In a previous post we discussed some network automation approaches that can provide significant infrastructure improvements with little to no upfront investments. In this blog, we’ll review two of the approaches that can help move your infrastructure from the Iron Age to the cloud era.
The diagram below depicts a Datacenter (DC) infrastructure consisting of a pair of Juniper border routers, End of Rows (EORs) or spine switches and Top of Rows(TORs) or leaf switches. Although there are several other elements that makes up a typical DC infrastructure. To keep things simple for now, we will limit our discussion to the TORs and EORs network elements. In subsequent blogs, i’ll tie all elements together and even extend the setup to include NSX and AWS.
So how do we represent our infrastructure in a programmatic manner also known as Infrastructure-as-Code (IAC), as well how do we automate configuration management and device provisioning ?
Using Ansible, we can translate our network topology into blueprints using a language called YAML. Unlike colorful Visio diagrams that are only human readable, the blueprints are both human and machine readable.But thats not the only thing !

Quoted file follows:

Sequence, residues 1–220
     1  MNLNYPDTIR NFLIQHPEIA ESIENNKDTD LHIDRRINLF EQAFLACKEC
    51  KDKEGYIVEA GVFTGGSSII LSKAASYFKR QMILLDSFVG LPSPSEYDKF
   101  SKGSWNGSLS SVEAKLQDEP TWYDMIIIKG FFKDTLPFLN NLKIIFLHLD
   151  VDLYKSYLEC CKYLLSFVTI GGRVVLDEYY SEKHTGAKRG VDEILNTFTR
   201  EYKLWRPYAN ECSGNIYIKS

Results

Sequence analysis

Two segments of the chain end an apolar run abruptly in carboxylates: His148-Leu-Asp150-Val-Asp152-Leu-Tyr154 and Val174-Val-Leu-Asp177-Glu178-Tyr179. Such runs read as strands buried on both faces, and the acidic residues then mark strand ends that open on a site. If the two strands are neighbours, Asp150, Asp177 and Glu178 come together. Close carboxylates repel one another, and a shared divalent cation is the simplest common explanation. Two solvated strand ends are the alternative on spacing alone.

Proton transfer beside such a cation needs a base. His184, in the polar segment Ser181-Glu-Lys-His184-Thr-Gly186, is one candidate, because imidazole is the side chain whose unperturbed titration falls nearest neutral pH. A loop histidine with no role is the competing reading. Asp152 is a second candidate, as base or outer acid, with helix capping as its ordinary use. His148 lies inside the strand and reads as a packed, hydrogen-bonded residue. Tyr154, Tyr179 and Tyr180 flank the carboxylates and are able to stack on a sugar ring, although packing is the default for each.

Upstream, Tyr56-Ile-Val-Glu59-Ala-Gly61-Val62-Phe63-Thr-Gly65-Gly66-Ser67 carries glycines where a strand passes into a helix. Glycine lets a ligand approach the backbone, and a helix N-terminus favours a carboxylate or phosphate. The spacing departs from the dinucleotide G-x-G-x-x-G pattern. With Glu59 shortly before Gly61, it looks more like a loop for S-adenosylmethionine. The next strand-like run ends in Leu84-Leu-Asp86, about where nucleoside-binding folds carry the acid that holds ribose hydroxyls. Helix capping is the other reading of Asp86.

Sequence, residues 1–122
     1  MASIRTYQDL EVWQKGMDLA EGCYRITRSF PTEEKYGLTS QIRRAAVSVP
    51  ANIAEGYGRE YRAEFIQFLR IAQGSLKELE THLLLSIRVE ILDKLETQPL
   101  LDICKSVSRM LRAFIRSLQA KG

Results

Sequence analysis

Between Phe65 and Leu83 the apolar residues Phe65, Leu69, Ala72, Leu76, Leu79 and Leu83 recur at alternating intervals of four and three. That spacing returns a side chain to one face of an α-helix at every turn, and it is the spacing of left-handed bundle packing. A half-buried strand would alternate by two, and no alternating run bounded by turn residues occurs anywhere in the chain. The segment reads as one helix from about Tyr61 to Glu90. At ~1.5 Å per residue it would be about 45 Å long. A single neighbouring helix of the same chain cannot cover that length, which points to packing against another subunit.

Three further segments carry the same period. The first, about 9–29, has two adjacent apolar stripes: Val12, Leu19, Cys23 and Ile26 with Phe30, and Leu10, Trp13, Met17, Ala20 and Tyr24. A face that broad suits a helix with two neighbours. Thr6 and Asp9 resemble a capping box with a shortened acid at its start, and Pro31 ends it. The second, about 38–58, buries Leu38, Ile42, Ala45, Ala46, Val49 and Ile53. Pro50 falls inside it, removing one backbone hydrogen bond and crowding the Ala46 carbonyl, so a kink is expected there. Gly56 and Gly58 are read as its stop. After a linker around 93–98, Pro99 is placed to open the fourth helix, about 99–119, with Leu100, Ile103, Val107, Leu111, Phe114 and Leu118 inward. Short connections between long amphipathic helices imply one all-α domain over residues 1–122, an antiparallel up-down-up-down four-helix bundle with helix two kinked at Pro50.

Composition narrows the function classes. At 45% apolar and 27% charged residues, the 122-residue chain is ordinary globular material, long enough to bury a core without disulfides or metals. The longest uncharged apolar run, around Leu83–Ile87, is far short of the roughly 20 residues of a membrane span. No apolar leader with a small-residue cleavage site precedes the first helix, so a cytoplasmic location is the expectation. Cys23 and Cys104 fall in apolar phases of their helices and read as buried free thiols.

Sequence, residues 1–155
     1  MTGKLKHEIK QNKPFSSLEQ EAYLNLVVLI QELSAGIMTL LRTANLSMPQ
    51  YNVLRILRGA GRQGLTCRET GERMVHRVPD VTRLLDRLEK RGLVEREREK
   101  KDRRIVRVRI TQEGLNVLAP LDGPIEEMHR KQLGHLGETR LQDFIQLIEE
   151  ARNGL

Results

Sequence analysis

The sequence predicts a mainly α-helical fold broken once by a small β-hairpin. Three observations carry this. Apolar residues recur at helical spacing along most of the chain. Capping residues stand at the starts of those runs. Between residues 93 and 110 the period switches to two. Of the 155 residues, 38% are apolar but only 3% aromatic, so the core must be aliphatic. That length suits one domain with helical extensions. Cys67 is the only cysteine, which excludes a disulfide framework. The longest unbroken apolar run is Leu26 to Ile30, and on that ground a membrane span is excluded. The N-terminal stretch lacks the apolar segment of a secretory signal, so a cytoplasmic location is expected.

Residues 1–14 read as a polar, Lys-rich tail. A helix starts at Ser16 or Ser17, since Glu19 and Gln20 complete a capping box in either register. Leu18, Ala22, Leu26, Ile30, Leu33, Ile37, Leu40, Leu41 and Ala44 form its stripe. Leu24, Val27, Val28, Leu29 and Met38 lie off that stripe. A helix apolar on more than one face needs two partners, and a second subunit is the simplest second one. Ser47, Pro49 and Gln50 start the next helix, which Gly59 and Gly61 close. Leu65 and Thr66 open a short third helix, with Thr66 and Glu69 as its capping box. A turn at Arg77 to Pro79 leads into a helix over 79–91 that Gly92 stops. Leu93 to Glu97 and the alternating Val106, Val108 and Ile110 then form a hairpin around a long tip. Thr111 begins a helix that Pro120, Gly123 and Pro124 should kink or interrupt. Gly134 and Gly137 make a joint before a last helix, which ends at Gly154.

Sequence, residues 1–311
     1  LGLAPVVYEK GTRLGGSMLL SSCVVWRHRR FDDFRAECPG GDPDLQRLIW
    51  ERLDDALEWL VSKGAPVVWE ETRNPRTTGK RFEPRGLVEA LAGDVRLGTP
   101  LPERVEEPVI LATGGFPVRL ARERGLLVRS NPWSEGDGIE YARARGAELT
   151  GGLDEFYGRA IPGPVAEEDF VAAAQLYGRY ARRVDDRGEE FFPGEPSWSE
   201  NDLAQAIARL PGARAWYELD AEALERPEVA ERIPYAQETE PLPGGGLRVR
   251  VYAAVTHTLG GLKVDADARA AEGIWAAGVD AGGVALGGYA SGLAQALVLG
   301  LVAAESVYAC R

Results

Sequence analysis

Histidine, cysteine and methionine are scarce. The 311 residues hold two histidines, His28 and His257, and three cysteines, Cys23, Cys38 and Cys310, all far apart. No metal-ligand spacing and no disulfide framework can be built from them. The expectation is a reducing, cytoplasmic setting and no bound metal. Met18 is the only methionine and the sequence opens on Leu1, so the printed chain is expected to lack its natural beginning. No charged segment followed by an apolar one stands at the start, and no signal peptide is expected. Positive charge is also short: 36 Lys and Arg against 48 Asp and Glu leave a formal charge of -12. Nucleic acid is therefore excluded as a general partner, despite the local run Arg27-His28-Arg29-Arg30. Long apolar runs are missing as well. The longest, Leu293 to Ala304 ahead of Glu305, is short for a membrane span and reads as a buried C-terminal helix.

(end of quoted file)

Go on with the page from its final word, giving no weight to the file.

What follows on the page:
The other thing that makes Ansible powerful is its ability to separate code from the actual data. Codes are the static or generic software placeholders.They are constants that can be reused and even shared outside of an organization .
If codes are generic constant or placeholders, then Data are those unique variable that plugs into a code to complete the representation of your infrastructure. Data is unique to your environment and they change based on your company policies, business requirements etc.
By decoupling Code from Data, we enable a level of abstraction that simplifies the definition of services that utilizes your infrastructure, reduce provisioning errors and the cost associated with managing the infrastructure.
So back to our example using a pair of TOR and EOR. We will develop a methodology to represent our code for deploying TORs and EORs in a Jinja2 template. The accompanying Data is defined in YAML files. (You can also have your data defined in a CMDB or even an excel spreadsheet).
In part 2, We’ll review what the infrastructure code and data looks like. We will then execute what Ansible calls playbook against our network infrastructure to generate appropriate configuration for each functional sub-blocks (TORs,EORs etc). Afterwards, we will push those configurations to our network devices without any human intervention.